The Sorrows of Young Werewolf (eyeteeth) wrote,
The Sorrows of Young Werewolf

Occupation: Adversary

Ordinarily, even I would not be up this -- well, for me it's late. Recently, however, I have been practicing sleeping habits that are a little obscene even by my standards. Yesterday, which for me is still today, I slept until five-thirty. In the evening. Yes, it's gotten to the point that if I didn't specify my relation to the meridian people who don't know me would think I was an early riser. I'm not proud of it, but that seems to be the way I go; it has been since childhood.

So what do I do all night, or morning, whichever? Ordinarily I stare fruitlessly at my novel, or largely fruitlessly with sporadic episodes of fruit, but since yesterday I have not been able to do even that, because yesterday afternoon, which was morning for me, my beloved Mac decided not to turn on. At all. The guy at the help desk said that it was probably a problem with the power cord, and arranged to have a new one sent to me at no charge. But until that happens I have no Mac, which means no short stories and no novel. It's as if the heavens opened and an angelic host spake unto me, saying, "Now's the time to go read Permanent Midnight like you said you were going to do before starting Chapter Eight, dickweed."

But angels don't have to pay rent, so until I get the new power cord I've actually been working at night, editing this Western that begins the day Andrew Jackson was inaugurated. This is the kind of book that reminds me of why I love my job. The main character is fictional, but many of the supporting characters are historical figures -- Jackson, John and Peggy Eaton, John C. Calhoun, Tench Ringgold, and so on. This makes my job trickier, because it opens up a vast new dimension of ways in which the author can be wrong. But that's the good part, because the more chances the author has to be wrong the more chances I have to be right, and that means that I win. As a copy editor, I am basically a professional showoff.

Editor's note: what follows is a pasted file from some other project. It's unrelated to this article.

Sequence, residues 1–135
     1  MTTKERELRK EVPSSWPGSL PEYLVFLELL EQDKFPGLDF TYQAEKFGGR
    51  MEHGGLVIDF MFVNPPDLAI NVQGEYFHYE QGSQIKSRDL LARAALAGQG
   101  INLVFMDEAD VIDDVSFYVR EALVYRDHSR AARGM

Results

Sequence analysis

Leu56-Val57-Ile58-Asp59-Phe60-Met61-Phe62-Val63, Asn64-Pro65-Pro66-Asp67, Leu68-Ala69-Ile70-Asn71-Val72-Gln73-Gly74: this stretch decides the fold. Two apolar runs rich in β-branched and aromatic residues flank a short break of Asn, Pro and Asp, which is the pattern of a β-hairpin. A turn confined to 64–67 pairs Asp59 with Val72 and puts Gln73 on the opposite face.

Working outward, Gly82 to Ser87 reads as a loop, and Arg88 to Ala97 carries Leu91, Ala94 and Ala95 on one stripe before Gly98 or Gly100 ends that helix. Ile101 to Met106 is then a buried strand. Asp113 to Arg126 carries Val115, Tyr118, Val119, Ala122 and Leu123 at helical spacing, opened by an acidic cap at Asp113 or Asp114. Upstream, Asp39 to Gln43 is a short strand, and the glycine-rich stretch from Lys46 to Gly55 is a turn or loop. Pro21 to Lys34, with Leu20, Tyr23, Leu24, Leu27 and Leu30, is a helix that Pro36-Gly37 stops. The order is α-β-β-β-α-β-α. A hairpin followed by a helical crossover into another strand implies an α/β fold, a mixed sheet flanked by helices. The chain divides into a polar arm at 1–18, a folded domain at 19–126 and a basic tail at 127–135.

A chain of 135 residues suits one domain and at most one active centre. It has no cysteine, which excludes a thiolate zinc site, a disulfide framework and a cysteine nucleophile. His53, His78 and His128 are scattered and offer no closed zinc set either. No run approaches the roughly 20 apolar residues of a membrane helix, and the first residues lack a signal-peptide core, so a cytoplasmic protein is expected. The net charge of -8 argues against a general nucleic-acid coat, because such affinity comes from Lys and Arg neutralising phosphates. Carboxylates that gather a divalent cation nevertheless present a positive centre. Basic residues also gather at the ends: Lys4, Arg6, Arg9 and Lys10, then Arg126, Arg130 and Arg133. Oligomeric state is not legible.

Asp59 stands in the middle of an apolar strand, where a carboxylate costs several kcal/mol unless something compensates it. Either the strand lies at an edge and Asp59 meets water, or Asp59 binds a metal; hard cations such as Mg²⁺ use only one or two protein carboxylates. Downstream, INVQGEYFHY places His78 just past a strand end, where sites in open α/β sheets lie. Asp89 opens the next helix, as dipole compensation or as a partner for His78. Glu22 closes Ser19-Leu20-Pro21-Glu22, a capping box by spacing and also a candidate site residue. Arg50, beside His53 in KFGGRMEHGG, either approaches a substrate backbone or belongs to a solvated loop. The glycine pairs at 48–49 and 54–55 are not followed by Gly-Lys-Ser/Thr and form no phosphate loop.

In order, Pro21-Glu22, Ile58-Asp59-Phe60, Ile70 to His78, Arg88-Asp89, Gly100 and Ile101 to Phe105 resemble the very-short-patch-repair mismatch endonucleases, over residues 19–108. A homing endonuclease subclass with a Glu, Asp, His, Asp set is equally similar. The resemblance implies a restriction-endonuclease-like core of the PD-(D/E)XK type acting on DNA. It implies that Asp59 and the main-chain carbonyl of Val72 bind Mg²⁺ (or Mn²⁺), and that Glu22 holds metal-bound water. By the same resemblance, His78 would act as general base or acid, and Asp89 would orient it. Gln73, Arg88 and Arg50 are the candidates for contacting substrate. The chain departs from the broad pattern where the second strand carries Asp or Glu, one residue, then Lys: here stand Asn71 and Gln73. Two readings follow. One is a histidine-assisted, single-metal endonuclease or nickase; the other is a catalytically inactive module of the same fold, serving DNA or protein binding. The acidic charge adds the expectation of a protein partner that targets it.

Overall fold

Yesterday the copy of Unreal Tournament I ordered arrived in the mail. In case you're unfamiliar with it, this is a first-person shooter for the PlayStation that encourages you to run around with rocket launchers, flak cannons, sniper rifles, things that shoot spinny razor blades, etc. and kill everyone you encounter. There are narrow ledges above harrowing drops and there's radioactive waste and there's molten lava, and if you're not careful you can blow yourself up by accident. Also there's gore and bouncy chunks of slain opponents that carom theatrically off the walls. If you kill enough people in a row without being killed yourself, a deep commanding voice intones the thrilling words "killing spree."

I love this game. It's like editing: I destroy wherever I see an opportunity for destruction, and if I am quick enough and clever enough, and if my aim is true enough, I win. Editing is better, because editors have to fix as well as break, but the savagery is the same and the thrill of the savagery is the same. I am a nice person, but there is no substitute for that thrill.

Total word count: 61,327
Tags: copy-editing, homicidalideation, writing
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